Back in the day, Abraham Lincoln was famous for his welding skills. In addition to this, there was a time when he earned a living out of splitting wood. These activities kept Lincoln healthy and physically fit. At some point, Abraham also shifted on his own to New Salem, Illinois.

In this community, Abraham earned a living from being a shopkeeper before eventually, he became a store owner. This is the activity that made Lincoln interact with the community. From here, he became famous for the stories that he used to tell his general store visitors.


The Black Hawk War

In 1832, a war between the Native Americans and the United States broke out. This fight was called Black Hawk War. From the popularity that Lincoln had gained, he was therefore elected by his community to stand as their leader/captain. The Black Hawk War was an eye opener to Lincoln as he saw he could make an impact in the society. His political career took off as it took no time before he was elected to the state legislature of Illinois.

The party that he was working with during his early political career was the Whig Party. He was in favor of the politics that this individual was pushing for, i.e., protective tariffs and infrastructure sponsored by the government. From his political understanding that he gained from the start, this paved the way for his view on slavery.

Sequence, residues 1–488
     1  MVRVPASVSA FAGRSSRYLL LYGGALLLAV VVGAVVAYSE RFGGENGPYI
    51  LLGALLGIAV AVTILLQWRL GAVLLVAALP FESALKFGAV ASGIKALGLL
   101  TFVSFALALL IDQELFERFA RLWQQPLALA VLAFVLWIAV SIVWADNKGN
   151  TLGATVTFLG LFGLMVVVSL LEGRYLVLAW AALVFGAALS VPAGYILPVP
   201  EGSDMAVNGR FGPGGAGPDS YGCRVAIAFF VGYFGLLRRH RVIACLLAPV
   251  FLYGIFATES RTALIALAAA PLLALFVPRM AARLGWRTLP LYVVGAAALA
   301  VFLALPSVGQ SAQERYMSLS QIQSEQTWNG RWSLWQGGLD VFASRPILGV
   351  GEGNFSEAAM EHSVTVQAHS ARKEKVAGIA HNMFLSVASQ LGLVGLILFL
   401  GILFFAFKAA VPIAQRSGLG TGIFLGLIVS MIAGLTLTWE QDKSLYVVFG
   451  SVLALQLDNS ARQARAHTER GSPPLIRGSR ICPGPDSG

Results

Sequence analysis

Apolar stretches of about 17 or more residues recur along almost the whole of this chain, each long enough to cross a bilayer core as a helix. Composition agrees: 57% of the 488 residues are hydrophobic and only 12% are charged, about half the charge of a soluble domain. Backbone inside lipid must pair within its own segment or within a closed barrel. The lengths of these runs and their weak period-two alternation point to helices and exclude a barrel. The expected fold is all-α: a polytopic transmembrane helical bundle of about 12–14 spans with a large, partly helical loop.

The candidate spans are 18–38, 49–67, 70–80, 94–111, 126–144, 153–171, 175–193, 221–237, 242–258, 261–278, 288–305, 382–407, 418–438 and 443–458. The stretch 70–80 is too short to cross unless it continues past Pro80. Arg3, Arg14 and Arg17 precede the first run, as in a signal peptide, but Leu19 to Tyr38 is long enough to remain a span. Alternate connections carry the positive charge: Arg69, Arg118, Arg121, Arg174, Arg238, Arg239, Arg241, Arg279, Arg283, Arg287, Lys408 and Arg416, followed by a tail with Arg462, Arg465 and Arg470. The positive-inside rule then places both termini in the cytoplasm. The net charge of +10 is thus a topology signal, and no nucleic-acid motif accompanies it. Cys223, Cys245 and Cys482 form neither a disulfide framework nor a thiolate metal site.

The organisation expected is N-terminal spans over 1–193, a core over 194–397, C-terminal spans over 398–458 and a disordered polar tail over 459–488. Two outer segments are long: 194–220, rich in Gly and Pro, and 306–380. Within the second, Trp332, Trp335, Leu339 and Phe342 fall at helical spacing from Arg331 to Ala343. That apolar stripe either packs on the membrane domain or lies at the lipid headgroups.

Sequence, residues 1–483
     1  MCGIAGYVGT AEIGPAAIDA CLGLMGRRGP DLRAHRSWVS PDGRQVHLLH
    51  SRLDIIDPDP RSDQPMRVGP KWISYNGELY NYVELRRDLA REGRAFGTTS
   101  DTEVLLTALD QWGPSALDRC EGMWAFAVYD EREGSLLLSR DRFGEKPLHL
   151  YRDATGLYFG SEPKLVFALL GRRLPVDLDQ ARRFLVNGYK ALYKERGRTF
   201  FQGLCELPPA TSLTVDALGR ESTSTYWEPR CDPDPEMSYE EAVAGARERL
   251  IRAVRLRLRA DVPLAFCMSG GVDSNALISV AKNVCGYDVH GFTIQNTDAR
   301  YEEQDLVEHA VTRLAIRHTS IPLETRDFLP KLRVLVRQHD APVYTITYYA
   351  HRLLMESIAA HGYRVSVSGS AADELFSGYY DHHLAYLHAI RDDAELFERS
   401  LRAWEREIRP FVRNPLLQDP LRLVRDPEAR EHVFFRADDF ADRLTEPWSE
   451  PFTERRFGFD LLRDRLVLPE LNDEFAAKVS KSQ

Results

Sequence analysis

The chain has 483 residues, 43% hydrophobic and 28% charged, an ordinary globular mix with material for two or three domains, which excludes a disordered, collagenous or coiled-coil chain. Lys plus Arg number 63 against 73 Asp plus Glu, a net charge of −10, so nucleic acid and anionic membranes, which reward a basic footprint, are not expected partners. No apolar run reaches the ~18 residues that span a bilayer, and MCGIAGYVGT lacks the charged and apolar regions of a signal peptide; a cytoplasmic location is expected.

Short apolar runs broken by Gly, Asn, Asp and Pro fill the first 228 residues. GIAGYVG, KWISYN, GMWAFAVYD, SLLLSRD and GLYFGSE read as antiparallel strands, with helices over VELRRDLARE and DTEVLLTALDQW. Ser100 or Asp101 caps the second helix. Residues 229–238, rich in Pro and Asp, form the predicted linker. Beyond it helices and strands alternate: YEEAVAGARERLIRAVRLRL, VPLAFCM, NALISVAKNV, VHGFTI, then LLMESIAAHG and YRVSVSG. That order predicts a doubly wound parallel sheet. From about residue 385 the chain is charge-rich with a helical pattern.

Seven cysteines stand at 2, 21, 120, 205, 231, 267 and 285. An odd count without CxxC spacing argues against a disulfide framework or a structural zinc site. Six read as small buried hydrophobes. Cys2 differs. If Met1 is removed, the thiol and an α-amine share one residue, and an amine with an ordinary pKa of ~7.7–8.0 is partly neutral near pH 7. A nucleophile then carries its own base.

Beginning of His Political Career

According to Lincoln, slavery was not precisely a moral wrong, but it was a significant obstacle to economic development. Right from the time his political career was picking up, he had the urge of becoming a lawyer. As a result, reading books on the laws of England was the only way of being good at this.

Later on, in 1837, he was successfully admitted to the bar. After this, he shifted to Springfield where he first practiced as a lawyer. He was associated with the John T. Stuart law firm.

At the time when Lincoln’s law career was slowly gaining momentum, he fell in love with Anne Rutledge. It was quite unfortunate that the two romantics never had the chance to get engaged. Shortly after knowing each other, typhoid wave hit New Salem. Rutledge did not survive this as she died at a tender age of 22. Historians argue that her death caused Lincoln to undergo severe stress. Nonetheless, some do not agree with this as they claim that the relationship was still young.


Dealing with Slavery

The northern United States had already been used to the fact that slavery was illegal. This part of the country had abolished slavery since 1803. On the contrary, the southern states was still fighting to abolish slavery. Lincoln’s main idea was to ensure that slavery did not spread to the West. In the 1850s, Lincoln was back fighting for his political position in the society. He majorly brought a strong opposition to the Kansas-Nebraska Act.

Abraham Lincoln strongly opposed this act because it gave settlers the power of deciding whether or not they would be adopting slavery in the West. Douglas even went to the extent of claiming that the Congress had no role to play in the slavery issue.

In 1854, Abraham Lincoln gave his Peoria speech. This speech brought to light the kind of hatred that Lincoln had on slavery. According to the statement, his main reasons for hating slavery was that it deprived people of equal rights. In addition to this, it was merely an act of injustice on innocent Americans.